3---cream fac'd loon. This word, which signifies a base abject fellow, is now only used in Scotland; it was formerly common in England, but spelt lown, and is justly considered by Horne Tooke as the past participle of to low or abase. Lowt has the same origin.
4. Paich, an appellation of contempt, signifying fool or low wretch.
5 i. e. they infect others who see them with cowardice. In King Henry V. the King says to the conspirators, Your cheeks are paper.
6 Sear is dry, withered. We have the same expression and sentiment in Spenser's Pastorals:
*Also my lustful leaf is drie and seare.'
•If that when I was mistress of myself,
Massinger's Roman Actor.
And that which should accompany old age,
not. Seyton !-
What news more?
ported. Macb. i'll fight, till from my bones my flesh be
hack’d. Give me my armour. Sey.
"Tis not needed yet. Macb. I'll put it on. Send out more horses, skirry the country round;
'In way of youth I did enjoy one friend.'
A very Woman. i. e. in my youth.
So much Robler
Shall be your way of justice. Thierry and Theodoret. i. e. your justice.
lle shall be found, and such a way of justice inflicted
Queen of Corinth. i. e. such justice.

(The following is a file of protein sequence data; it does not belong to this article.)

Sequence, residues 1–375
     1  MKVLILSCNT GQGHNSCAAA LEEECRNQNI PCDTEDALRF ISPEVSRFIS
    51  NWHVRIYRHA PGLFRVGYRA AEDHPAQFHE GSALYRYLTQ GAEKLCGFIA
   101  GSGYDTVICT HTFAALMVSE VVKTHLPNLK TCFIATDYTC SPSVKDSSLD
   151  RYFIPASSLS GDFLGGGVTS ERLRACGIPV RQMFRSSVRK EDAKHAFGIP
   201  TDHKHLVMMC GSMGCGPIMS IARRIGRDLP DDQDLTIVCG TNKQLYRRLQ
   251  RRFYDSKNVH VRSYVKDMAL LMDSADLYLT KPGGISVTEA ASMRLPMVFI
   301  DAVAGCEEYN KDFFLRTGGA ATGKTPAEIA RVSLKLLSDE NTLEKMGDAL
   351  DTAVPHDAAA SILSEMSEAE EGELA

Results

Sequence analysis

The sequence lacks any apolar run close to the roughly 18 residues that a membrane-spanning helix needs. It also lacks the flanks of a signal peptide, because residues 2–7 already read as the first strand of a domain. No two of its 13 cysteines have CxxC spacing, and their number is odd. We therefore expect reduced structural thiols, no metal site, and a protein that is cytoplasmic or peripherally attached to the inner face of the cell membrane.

Thus ready for the way of life or death,
Pericles. i. e. for life or death.
" lo there no other way of mercy,
But I must needs to the Tower?' King Henry VIII. This note I have abridged from Mr. Gifford's edition of Massinger, vol. iv. p. 309. “I should have been contented with fewer examples (says that excellent critic), had not my respect for Shakspeare made me desirous of disencumbering his page, ly ascertaining beyond the possibility of cavil the meaning of an expression so long and so laboriously agitated. To return to Macbeth : the sere and yellow leaf is the commencement of the winter of life or of old age; to this he has attained, and he laments, in a strain of inimitable pathos and beauty, that it is unaccompanied by those blessings which render it supportable. As his manhood was without virtue, so he has now before him the certain prospect of an old age without bonour.'
7 i. e. scour the country round.